But Reed and Lerman’s departures don’t feel good, either – none of this turnover does. For students, it’s disappointing to get excited about officials’ plans and initiatives, only to see them leave before those plans come to fruition. And following years of admissions scandals, calls for more diversity on campus and a suicide cluster, these three departures may leave students feeling particularly vulnerable.
From every angle, this looks bad. When it comes to public relations, prospective students’ concerns and GW’s fundraising efforts, big resignations like these are not conducive to a positive reputation. And high-level turnover can’t be hidden easily – anyone can find out through a simple Google search.
While many potential students will consider things like ranking, acceptance rate and financial aid while choosing a school, others have more specific concerns. A lack of strong leadership in areas like mental health and diversity are understandable reasons to cross a school off a list, or at least put it toward the bottom.
And since GW is trying to finish off its fundraising campaign, officials also need to consider alumni perspectives. This academic year started with news that GW would likely reach its $1 billion goal early, but given turnover, many prospective alumni donors – or any donors for that matter ‒ may now be more hesitant.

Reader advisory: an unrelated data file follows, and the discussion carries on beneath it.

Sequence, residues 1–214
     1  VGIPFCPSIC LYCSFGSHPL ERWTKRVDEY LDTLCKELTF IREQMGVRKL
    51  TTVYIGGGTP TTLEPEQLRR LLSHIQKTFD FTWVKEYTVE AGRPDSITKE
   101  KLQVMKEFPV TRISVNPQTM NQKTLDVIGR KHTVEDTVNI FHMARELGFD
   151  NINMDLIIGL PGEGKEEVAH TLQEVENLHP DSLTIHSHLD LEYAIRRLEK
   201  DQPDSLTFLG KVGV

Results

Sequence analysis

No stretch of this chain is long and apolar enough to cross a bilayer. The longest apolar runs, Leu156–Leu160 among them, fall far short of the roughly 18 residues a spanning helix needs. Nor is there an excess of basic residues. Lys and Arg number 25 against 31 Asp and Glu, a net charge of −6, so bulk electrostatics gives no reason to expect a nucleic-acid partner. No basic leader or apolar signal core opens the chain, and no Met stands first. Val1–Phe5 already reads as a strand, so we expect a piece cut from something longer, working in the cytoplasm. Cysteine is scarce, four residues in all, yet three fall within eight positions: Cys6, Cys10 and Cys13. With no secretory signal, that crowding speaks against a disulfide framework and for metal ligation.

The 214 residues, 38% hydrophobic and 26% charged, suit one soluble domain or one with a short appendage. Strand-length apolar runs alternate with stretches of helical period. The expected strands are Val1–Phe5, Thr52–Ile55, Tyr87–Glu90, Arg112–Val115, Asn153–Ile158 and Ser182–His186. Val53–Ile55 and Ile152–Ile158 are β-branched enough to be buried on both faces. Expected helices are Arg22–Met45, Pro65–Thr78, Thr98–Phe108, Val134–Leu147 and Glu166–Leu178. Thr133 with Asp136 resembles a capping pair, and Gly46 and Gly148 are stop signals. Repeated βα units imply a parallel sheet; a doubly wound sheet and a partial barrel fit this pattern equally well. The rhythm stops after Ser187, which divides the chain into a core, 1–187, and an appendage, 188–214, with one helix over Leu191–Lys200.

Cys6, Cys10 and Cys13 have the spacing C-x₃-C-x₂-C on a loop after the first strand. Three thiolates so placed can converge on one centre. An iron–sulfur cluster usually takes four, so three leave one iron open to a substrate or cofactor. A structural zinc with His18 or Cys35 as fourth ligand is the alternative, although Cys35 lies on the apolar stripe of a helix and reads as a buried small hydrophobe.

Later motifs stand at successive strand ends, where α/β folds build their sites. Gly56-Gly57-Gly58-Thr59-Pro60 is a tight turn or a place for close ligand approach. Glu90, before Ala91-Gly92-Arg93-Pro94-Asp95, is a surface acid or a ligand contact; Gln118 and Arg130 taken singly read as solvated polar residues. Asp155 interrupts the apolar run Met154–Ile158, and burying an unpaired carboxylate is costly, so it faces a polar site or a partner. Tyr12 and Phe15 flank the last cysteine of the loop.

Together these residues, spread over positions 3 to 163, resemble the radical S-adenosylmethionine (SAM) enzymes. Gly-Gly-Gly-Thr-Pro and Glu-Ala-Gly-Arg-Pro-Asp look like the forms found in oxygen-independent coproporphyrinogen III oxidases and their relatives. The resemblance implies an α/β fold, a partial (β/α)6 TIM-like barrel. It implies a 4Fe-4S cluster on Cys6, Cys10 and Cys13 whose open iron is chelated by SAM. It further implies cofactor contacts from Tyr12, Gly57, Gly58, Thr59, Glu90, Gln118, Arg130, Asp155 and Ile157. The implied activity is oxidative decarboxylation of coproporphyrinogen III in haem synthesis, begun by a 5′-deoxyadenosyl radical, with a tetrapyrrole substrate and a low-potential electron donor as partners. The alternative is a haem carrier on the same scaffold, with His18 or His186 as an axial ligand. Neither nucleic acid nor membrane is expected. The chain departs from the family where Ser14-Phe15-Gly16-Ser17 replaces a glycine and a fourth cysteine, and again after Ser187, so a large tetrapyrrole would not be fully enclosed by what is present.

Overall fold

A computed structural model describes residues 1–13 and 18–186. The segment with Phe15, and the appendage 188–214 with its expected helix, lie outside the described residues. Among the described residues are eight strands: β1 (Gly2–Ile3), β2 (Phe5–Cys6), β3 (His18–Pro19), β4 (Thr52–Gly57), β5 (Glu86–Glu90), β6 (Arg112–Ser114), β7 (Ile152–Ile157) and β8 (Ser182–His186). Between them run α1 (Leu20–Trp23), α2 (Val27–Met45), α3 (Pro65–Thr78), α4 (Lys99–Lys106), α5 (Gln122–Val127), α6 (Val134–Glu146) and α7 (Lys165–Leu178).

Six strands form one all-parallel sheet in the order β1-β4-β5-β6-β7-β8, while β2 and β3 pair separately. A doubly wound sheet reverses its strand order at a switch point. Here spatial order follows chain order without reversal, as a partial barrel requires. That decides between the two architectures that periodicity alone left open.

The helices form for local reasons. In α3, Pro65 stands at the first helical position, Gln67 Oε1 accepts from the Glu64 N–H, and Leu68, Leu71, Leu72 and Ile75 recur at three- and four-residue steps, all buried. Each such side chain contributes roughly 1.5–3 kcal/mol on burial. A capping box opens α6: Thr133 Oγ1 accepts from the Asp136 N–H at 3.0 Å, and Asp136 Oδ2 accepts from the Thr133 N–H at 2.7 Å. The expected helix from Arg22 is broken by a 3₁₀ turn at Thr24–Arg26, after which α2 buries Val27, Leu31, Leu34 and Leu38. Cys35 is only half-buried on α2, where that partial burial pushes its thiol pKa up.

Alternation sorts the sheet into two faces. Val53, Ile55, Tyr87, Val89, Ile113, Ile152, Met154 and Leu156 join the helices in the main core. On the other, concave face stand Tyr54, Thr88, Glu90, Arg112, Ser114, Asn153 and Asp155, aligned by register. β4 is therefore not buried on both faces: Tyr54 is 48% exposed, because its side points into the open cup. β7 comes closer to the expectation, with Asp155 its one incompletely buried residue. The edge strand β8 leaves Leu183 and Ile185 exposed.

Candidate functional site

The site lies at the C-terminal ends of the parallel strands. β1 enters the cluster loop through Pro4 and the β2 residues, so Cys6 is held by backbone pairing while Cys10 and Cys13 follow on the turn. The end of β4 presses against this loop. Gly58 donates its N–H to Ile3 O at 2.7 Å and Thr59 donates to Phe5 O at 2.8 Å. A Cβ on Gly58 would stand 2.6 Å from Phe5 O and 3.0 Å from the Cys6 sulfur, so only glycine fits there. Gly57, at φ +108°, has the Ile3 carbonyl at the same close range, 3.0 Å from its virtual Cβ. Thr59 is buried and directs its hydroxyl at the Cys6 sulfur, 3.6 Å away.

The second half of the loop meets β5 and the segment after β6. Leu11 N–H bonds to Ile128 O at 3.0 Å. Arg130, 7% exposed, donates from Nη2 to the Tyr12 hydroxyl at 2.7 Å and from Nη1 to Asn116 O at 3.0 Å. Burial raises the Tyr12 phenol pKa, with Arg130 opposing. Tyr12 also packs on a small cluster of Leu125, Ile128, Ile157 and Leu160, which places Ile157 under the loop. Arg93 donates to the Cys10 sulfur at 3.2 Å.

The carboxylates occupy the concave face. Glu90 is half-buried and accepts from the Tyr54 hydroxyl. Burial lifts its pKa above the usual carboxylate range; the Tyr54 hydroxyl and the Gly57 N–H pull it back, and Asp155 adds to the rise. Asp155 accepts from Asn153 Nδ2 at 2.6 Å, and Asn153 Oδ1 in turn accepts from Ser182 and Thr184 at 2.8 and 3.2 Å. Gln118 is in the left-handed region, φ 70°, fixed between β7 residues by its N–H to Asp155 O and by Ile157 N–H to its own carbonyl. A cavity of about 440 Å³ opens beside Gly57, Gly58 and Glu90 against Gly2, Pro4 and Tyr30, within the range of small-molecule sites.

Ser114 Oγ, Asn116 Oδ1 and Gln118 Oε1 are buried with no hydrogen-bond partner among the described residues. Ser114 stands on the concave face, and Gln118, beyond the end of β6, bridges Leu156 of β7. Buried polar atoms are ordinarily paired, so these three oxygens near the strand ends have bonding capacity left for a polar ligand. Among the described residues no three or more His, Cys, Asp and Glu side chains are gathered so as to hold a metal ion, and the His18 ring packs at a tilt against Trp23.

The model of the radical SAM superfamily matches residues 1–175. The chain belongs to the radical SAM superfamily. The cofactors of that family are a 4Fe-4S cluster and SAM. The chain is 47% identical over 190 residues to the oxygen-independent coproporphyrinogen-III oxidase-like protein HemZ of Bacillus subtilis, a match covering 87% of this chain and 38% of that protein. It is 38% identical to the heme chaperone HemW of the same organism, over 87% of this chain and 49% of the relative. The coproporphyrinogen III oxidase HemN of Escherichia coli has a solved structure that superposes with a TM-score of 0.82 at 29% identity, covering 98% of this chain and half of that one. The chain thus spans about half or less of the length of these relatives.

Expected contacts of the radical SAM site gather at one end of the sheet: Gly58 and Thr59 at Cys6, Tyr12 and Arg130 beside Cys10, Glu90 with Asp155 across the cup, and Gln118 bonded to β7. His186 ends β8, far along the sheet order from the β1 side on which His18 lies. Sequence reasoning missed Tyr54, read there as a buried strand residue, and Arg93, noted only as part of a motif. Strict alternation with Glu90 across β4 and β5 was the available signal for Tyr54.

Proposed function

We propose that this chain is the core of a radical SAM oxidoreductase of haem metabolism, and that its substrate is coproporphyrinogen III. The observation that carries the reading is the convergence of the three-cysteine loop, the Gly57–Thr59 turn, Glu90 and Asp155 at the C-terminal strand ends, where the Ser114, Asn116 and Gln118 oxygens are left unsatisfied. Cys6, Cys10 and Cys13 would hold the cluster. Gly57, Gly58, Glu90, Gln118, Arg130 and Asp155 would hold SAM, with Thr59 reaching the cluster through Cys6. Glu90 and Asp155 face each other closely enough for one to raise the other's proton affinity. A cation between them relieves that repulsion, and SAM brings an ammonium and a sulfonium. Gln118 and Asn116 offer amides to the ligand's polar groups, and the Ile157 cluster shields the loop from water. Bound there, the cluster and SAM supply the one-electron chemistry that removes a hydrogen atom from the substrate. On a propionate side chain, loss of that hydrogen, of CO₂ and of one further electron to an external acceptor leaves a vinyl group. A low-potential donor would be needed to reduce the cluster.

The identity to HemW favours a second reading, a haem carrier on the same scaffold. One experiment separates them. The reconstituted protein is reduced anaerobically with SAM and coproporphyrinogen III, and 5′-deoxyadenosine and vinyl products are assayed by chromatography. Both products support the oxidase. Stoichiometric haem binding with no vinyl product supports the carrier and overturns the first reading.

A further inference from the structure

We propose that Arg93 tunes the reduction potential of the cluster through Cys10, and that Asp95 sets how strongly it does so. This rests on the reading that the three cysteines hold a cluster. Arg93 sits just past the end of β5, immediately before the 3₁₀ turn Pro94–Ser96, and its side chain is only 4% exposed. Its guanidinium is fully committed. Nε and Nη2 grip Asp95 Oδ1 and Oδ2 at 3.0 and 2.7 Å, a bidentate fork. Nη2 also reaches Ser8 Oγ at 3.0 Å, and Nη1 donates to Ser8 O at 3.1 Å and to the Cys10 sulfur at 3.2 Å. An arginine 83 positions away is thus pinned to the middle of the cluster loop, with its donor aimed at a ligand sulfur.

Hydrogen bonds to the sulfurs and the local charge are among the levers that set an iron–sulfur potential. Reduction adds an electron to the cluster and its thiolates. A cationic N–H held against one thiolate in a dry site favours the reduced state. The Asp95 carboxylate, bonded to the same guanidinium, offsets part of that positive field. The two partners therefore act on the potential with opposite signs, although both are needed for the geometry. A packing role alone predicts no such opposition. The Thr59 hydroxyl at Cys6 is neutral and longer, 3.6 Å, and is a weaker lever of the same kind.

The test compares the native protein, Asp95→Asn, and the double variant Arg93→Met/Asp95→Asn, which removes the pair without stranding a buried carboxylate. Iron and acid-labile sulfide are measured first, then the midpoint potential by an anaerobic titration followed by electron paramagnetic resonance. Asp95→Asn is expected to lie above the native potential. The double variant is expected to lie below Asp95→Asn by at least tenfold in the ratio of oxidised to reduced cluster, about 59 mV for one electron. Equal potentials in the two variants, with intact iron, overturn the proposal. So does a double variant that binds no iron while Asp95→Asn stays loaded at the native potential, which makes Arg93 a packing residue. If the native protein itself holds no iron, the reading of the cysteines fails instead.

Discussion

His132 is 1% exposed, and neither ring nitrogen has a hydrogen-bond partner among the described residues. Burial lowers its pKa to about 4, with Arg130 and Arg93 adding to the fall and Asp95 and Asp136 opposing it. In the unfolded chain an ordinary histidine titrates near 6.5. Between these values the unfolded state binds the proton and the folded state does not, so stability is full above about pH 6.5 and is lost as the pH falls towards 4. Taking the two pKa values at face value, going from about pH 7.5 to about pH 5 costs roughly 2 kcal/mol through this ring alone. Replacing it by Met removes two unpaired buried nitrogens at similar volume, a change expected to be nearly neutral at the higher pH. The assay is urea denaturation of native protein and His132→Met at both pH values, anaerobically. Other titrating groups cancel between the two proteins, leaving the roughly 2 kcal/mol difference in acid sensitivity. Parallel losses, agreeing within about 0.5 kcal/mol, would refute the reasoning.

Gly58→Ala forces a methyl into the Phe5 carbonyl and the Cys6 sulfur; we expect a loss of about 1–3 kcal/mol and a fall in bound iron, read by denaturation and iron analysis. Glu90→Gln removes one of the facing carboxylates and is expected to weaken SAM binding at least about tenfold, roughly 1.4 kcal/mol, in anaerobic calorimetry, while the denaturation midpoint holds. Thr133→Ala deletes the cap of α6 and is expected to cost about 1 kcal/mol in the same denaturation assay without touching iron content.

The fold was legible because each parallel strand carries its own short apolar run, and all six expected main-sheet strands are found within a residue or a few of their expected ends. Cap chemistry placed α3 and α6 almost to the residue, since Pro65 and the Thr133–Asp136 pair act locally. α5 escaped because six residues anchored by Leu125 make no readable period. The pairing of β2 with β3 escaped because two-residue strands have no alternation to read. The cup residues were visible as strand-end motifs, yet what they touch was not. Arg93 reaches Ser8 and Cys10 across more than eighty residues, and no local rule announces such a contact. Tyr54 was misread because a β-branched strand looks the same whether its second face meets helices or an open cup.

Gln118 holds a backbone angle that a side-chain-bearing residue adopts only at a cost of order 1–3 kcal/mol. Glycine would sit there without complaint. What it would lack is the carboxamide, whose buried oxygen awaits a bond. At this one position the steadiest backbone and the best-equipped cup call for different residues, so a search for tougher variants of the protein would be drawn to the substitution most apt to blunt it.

What’s even more concerning is how potential applicants to the vacant positions may feel. Even though the circumstances surrounding each official’s departure are very different, the fact that they’re leaving at all might throw off a candidate who is considering one of those areas, or any part of the University. They may have concerns about GW’s work environment, their own job security or how much work they could be asked to take on.
The University needs to make sure it’s recruiting top talent – people who have been in the game for a long time and know how to run a high priority office or department. Those people probably aren’t out looking for a “fixer-upper,” like an office whose leader left in the middle of a major project, or a department that has quickly cycled through leaders. In all likelihood, the most qualified candidates are looking for a good work environment and a stable office.
Ultimately, this is a problem that only Knapp and GW’s remaining officials can tackle. They understand best what the problems may be, and hopefully, they’re already working to identify any trends that may exist.
The editorial board is composed of Hatchet staff members and operates separately from the newsroom. This week’s piece was written by opinions editor Sarah Blugis and contributing opinions editor Melissa Holzberg, based on discussions with managing director Rachel Smilan-Goldstein, sports editor Nora Princiotti, senior design assistant Samantha LaFrance and copy editor Brandon Lee.